There are some things that need to be repeated over and over again in the climate debate, including one that also has to be repeated over and over again in economic debates: If something needs a subsidy to compete it isn’t secretly more efficient and only government knows. It is less efficient, so subsidizing it destroys wealth and takes you further from where you want to be. But we won’t say it again, because Bjorn Lomborg just did: “We constantly hear that electric cars are the future – cleaner, cheaper and better. But if they’re so good, why does California need to ban gasoline-powered cars? Why does the world spend $30 billion a year subsidizing electric ones?” And, he adds, for no purpose at all, because even on the alarmists’ own terms, switching to EVs will do nothing for climate.
The latter part is as crucial as it is surprising. Though also in some sense unimportant, because deliberately wasting money in an effort to save it is folly by any standard. But given the terms of the climate debate Lomborg is right to add this point:
“The climate effect of our electric-car efforts in the 2020s will be trivial. If every country achieved its stated ambitious electric-vehicle targets by 2030, the world would save 231 million tons of CO2 emissions. Plugging these savings into the standard United Nations Climate Panel model, that comes to a reduction of 0.0002 degree Fahrenheit by the end of the century.”
Indeed, as we have pointed out elsewhere, if every nation achieved its stated ambitious Paris Accord goals overall, goaded by a computer model that said otherwise we’d have a climate heating breakdown crisis, it comes to a reduction of 0.1 degrees by the end of the century. So all pain, and no gain.
Indeed the calculus is even worse since, as we have noted elsewhere, the data show that lifetime GHG emissions from electric cars are frequently worse than from regular cars. Meanwhile Lomborg thinks that electric cars are sometimes a better choice, but “only sometimes and somewhat better” while “they’re often much costlier, and they aren’t necessarily all that much cleaner.” Then he does that economist thing where you look at the big picture over the long run.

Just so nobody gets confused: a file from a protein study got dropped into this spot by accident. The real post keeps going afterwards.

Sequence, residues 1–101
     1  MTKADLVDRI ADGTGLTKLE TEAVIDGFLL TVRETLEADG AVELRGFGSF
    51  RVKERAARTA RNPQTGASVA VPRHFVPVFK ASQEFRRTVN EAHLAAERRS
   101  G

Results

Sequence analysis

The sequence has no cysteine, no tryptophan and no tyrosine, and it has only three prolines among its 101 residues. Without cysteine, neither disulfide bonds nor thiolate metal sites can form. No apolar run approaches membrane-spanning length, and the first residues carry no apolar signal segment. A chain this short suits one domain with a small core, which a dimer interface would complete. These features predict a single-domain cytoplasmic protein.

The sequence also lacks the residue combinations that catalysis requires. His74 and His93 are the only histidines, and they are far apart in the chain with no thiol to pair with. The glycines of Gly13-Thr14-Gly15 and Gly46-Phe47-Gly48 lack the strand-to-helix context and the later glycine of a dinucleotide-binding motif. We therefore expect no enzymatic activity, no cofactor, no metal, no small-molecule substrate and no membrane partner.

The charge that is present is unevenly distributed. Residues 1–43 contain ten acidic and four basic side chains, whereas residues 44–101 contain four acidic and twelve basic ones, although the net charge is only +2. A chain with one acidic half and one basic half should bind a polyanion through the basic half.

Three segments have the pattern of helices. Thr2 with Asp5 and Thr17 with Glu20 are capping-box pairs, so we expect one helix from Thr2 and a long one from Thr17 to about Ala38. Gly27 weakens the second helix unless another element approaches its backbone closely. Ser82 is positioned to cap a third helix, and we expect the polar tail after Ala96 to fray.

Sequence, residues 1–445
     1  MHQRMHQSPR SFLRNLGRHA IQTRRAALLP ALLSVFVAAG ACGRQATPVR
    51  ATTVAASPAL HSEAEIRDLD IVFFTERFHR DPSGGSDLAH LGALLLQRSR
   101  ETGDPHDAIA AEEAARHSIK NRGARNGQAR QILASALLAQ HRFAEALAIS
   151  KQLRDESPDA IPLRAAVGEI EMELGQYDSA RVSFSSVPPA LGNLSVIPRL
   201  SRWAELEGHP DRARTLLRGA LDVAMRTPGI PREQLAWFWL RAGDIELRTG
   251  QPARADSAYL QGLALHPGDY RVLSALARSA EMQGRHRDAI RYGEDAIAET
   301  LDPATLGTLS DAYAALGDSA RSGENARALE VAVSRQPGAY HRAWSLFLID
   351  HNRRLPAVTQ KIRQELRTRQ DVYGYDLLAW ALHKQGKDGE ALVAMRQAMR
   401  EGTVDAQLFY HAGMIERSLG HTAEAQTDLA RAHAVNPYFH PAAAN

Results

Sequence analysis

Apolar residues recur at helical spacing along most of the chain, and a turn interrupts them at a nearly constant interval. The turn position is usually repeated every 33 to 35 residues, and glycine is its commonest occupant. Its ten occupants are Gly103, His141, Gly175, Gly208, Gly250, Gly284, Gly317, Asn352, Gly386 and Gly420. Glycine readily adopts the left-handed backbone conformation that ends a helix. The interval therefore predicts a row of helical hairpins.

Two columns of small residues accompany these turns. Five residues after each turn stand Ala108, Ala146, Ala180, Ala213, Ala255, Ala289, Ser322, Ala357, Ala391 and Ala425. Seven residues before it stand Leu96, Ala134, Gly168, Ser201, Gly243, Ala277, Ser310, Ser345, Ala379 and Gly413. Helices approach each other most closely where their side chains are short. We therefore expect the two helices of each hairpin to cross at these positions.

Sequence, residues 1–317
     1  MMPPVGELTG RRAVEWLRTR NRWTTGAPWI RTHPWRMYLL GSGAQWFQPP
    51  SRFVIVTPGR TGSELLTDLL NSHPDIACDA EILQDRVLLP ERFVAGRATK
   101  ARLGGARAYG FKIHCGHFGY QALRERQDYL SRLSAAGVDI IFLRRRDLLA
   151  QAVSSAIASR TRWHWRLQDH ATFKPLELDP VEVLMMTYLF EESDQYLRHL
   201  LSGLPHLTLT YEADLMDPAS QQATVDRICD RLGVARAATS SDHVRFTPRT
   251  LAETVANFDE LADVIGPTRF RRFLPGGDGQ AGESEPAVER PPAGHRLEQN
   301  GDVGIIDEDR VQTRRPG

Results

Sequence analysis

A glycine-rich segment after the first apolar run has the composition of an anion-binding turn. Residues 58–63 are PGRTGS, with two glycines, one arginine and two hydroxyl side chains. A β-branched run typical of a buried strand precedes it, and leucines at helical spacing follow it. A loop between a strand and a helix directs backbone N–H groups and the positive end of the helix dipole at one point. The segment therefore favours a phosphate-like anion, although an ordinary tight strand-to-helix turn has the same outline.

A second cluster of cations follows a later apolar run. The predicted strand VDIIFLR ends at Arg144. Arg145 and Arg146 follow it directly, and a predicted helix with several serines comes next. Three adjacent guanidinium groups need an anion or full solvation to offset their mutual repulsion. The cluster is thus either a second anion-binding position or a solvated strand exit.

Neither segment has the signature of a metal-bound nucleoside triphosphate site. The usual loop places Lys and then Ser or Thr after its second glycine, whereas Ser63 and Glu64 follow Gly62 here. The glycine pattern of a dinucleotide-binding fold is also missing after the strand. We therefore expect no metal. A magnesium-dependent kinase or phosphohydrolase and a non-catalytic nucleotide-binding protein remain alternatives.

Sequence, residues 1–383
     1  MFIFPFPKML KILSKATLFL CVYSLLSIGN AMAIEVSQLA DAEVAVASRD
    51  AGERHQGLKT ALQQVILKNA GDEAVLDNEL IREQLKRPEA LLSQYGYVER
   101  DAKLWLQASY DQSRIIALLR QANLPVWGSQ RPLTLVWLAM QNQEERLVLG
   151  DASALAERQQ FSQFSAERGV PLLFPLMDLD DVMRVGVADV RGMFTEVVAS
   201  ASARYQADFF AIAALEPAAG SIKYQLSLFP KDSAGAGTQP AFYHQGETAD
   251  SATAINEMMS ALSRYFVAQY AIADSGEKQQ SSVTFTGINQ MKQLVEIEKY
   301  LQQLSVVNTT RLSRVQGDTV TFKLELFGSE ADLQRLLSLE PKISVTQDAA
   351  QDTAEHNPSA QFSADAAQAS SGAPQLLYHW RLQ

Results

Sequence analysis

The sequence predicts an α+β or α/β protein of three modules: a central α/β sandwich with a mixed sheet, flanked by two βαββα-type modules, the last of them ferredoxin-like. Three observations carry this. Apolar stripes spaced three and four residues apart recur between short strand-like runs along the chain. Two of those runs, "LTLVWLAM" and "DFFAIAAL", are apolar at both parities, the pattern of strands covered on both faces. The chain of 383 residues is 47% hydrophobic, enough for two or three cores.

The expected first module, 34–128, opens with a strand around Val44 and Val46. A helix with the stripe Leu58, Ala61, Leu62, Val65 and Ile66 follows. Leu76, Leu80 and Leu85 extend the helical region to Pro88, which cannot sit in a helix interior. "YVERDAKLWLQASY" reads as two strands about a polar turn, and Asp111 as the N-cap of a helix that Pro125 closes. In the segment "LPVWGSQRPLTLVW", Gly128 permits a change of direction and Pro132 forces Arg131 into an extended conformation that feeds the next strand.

For instance, there’s the issue of where the electricity comes from to charge it. Plus “Making batteries for electric cars also requires a massive amount of energy, mostly from burning coal in China.” Besides which “The vehicles themselves pollute only slightly less than a gasoline car because their massive batteries and consequent weight leads to more particulate pollution from greater wear on brakes, tires and roads” and “One recent study found that electric cars put out more of the most dangerous particulate air pollution than gasoline-powered cars in 70% of U.S. states. An American Economic Association study found that rather than lowering air pollution, on average each additional electric car in the U.S. causes additional air-pollution damage worth $1,100 over its lifetime.”
Still not convinced? Well, “The minerals required for those batteries also present an ethical problem, as many are mined in areas with dismal human-rights records. Most cobalt, for instance, is dug out in Congo, where child labor is not uncommon, specifically in mining. There are security risks too, given that mineral processing is concentrated in China.” This nasty aspect of EVs isn’t exactly unknown. But given how resolutely it gets ignored, it needs to be repeated loudly and often.
Is Lomborg saying don’t buy one? Not at all. He’s saying let the price reflect the full cost and then consumers can decide. “Electric vehicles will take over the market only if innovation makes them actually better and cheaper than gasoline-powered cars. Politicians are spending hundreds of billions of dollars and keeping consumers from the cars they want for virtually no climate benefit.”
Yes, it needed to be said again. Especially with the cost of charging them skyrocketing in Europe, sending all those supposed savings right out the tailpipe.